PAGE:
Yesterday’s news that magazine sales at newsstands are plummeting across North America should come as no surprise to those who have seen traditional media like newspapers struggle to find their footing in the face of social media. Loyalty is hard to come by in the magazine world. Magazines are a discretionary purchase. Gum? hand sanitizer? magazine?
So how to cultivate loyalty among a fickle readership. Give them something that resonates on a deep values level then they won’t be fickle. They’ll be devout. That’s exactly what Mary Jane’s Farm has done. Imagine a magazine where readers write in to say:
“Thank you Mary Jane for reminding me what was most important in the world, who I wanted my daughters to grow up to be, and how I could return to my true self.”
True Self. Wow. Imagine a Lucky magazine reader saying that (ha!).
Mary Jane’s Farm is not just a magazine for famers or want-to-be farmers. It is for women, rural and city folk alike, for whom the values of the farm resonate deeply. Basically those who believe in the values of homesteading–be they NY corporate lawyers or stay at home moms in Idaho. In fact, one of the magazine’s credos is “It’s not where you live, but how you live.” And they have four different bloggers; city, rural, ranch and suburban.
For Mary Jane’s Farm, no matter where you’re from, you’re part of their community if you subscribe to the following 5 core values:
- Want to know where your food comes from
- Participate in its production
- Care about family
- Create community
- Make something with your hands
In his book Making Meaning, Nathan Shedroff points to 15 core meanings that help create long lasting relationships with consumers.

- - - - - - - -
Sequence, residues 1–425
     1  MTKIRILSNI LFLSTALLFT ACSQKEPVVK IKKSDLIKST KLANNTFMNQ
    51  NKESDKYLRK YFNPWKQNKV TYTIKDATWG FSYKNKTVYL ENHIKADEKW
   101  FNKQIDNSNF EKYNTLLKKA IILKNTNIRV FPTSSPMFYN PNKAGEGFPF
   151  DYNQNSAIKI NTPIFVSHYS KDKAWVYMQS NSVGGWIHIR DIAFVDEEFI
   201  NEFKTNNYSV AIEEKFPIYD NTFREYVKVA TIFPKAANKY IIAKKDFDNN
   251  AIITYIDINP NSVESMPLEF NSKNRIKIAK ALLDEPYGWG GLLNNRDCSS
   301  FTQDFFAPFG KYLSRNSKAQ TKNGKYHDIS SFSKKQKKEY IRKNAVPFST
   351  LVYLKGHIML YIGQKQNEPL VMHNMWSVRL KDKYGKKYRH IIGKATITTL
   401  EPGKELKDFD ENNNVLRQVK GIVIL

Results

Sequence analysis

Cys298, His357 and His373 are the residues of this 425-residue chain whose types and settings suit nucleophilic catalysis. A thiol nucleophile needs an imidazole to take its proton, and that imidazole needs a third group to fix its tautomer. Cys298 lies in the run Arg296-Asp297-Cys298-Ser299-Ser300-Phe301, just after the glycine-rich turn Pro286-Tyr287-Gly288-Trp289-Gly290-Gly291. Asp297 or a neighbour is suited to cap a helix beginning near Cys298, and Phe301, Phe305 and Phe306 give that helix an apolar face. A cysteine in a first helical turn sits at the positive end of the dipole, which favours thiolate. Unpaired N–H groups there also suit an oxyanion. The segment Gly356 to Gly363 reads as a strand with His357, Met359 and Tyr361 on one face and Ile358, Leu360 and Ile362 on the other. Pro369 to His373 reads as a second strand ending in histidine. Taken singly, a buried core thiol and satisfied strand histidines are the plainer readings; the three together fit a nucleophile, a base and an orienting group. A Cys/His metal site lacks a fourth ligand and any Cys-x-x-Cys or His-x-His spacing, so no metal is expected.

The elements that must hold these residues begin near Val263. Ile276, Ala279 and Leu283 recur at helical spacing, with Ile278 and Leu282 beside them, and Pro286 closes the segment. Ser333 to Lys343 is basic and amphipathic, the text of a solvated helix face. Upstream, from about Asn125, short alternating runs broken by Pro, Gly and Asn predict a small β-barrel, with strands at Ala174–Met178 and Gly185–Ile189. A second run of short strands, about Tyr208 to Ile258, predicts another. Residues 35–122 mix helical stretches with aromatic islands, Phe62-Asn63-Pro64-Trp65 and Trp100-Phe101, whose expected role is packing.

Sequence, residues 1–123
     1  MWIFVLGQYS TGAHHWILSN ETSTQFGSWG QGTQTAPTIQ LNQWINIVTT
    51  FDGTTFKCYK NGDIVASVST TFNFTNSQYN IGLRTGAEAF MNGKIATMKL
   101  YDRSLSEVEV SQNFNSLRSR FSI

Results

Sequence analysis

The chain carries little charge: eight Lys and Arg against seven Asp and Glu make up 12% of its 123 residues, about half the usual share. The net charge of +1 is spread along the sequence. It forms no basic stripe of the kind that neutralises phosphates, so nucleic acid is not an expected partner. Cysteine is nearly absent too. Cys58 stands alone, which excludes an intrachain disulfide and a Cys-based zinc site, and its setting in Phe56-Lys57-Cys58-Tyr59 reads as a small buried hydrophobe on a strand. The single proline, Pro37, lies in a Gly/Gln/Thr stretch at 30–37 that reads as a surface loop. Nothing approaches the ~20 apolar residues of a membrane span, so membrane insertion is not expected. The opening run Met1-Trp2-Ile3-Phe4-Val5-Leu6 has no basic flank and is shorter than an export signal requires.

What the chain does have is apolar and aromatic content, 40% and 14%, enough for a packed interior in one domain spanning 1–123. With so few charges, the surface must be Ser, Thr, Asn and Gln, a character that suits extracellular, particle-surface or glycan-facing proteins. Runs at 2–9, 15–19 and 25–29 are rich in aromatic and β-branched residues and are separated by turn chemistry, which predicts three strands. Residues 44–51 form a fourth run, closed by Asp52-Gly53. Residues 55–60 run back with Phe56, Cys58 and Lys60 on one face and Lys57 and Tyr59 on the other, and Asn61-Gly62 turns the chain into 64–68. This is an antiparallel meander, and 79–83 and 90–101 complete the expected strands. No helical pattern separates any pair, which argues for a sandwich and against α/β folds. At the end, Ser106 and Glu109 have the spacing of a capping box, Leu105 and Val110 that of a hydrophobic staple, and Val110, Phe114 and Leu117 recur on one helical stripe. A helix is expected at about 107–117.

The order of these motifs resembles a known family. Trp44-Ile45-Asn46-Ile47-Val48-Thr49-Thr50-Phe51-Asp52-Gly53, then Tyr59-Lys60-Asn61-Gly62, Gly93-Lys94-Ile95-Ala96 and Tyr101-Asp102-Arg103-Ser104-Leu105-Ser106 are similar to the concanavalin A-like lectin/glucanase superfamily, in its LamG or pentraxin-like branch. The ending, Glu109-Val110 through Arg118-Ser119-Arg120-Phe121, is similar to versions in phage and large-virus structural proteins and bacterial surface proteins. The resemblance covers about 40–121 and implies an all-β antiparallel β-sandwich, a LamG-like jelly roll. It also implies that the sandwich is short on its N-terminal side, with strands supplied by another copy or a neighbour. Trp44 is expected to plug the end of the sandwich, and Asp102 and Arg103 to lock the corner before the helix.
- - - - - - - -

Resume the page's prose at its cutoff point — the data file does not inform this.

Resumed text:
One of the primary ways Mary Jane’s farm creates meaning for it’s readers is through the value of community which Shedroff defines as “a sense of unity with others around us and a general connection with other human beings.”
There’s an awful lot of talk about the word community these days. Throw up a facebook fan page and “bam” you’ve got a community. Those of us who have ever belonged to a community know it’s about much more than pushing a button, or being a fan. It’s about being a committed participant on a ritualized level. Think about Harley Davidson devotees or those who follow the band Phish from state to state.
When you speak to people’s core values, you are not discretionary. You are core to their lives. As one Mary Jane’s farm Facebook fan puts it “I pinched pennies to get this magazine coming this year.”
Mary Jane’s Farm leverages the power of their values based brand in several ways.
- Content: The magazine does not suck. It does not exploit its readers by overloading them with ads. Instead, it fills the magazine with useful content on subjects that matter to its community–from preserving, to cast-iron recipes, to sharing quilting and profiles of subscribers.
- Farmgirl Sisterhood: When you join the sisterhood you get a bunch of special perks like a newsletter and access to the online forum but you also get a badge–the first of many you can earn for things like crocheting, community service, going green, etc.
- Real-Life Meetings: The Farmgirl Sisterhood and Chapters get-togethers where all the members get together for a good ‘ol time. I’m dying to go.
- Lots More: There are countless ways to engage with the Mary Jane’s Farm brand. You can stay at their B&B, get their books and other products like sewing patterns, organic beef, etc. watch “Farm U” videos and that’s just the tip of the iceberg. Seriously.
When you do something that is authentic and resonates on a values level a community forms around your brand. A Twitter feed or Facebook page means little if an emotional chord isn’t being struck. Would people pinch pennies to afford your product? Would they want to chat with others who also buy your product? Would they want to sleep in your B & B if you had one? Would they want to wear your badge?
This is the definition of community. As the Mary Jane’s Farm girls might say, the rest is hogwash.